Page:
Monday, November 25, 2013

Meeting Rituals

The more important people think the meeting is, the longer the rituals before any actual work gets done or information given.  The audience may not agree, but it's a pretty good measure of what the presenters think.

Little League games open with very little ritual.  The amount increases as the level of play improves.  When it comes to the World Series, the build starts days before.  When the high school has Parents' Night, they are careful to have the National Anthem and the Pledge of Allegiance, because they want to reassure the parents - We Get It. We share your culture - even when they don't.  In districts where everyone is very liberal, event the parents of teenagers, maybe they communicate that they get it by not having the pledge, devoting more time to exhortation and bringing up PC groups of students to sing or show their art or get the Right Kind of Awards.  I wouldn't know.

At work, those meetings where the CEO speaks, and lots of people get introduced, and they share inside jokes about how hard they've been working on this - so that you ungrateful bastards attending this workshop/training/presentation know that - are the meetings you need to not say anything bad about, even if it all takes two hours out of your morning that you can't spare to introduce you to a topic you can't do anything about anyway.  (This week: electronic medical record. overview. training starts in Feb. unless there's a delay. timelines. sample screen shots from the software.  except these are from another version, and ours will be different. let's clap for Richard, and Tom, and Diana, who have worked hard. they will be available when we go live in May, right here on site.)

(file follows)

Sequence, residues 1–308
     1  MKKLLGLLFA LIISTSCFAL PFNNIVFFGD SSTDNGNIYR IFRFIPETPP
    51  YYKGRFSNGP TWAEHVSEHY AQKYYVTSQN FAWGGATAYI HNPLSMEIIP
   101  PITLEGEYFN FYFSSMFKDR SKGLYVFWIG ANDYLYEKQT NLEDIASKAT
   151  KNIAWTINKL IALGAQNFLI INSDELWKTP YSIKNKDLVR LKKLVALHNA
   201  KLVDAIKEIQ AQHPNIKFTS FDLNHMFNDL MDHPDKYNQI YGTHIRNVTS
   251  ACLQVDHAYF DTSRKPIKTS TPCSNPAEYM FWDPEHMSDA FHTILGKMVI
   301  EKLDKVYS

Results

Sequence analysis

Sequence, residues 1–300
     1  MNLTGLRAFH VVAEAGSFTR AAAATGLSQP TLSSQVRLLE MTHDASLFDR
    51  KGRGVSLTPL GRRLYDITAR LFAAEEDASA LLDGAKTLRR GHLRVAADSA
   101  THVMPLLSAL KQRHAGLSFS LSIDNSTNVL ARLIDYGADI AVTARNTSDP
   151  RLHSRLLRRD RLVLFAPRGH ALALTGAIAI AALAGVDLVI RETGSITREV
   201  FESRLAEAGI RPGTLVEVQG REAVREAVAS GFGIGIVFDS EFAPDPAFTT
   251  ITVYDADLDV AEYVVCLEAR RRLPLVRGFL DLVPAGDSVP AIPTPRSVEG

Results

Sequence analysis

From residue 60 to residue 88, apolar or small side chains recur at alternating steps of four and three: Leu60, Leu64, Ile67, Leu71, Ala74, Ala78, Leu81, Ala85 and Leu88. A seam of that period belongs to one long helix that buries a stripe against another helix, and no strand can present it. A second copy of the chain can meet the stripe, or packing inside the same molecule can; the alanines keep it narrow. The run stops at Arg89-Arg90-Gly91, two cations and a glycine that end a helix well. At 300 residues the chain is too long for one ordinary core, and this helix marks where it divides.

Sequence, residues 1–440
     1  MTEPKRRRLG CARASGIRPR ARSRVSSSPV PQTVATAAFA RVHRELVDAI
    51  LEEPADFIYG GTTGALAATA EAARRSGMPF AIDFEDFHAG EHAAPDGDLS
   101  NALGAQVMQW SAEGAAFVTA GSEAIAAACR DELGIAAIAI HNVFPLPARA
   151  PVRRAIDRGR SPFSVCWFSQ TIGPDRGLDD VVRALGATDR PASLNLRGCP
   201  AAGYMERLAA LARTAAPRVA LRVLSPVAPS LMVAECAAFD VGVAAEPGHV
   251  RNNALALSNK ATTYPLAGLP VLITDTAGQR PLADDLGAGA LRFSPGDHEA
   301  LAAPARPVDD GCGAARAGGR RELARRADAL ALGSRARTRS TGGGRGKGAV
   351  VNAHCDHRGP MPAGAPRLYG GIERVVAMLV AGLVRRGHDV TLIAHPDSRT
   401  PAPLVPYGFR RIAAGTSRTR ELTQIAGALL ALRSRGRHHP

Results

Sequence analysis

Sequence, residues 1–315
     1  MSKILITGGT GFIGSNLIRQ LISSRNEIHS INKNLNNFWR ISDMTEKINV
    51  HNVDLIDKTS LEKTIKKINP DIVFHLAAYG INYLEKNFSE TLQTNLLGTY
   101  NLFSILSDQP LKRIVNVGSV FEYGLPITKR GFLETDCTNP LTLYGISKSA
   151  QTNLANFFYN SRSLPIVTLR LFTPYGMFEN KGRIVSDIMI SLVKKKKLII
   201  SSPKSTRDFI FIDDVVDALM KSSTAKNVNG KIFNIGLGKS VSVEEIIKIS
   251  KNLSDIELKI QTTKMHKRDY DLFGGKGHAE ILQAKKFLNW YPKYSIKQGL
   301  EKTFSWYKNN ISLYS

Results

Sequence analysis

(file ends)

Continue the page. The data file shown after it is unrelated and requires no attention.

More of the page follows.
I only asked one question, which is remarkably restrained for me.  It was a good question, but there are no good questions.  I should have asked none.


Sam L. said...

Questions are a leading indicator of being a troublemaker.

Assistant Village Idiot said...

I don't see myself that way.

Everyone else does, however.

james said...

A question implies that either the powers-that-be
1) Did not explain things competently
2) Did not consider all relevant factors competently.

Peons have no standing to challenge the competence of their managers.

People deeply involved in a technical analysis (physics, computing) seem to be a lot more open to questions and even challenges than managers. Perhaps managers are trained in "self-confidence" and analysts in humility? Both focus on getting the job done, so it isn't that aspect.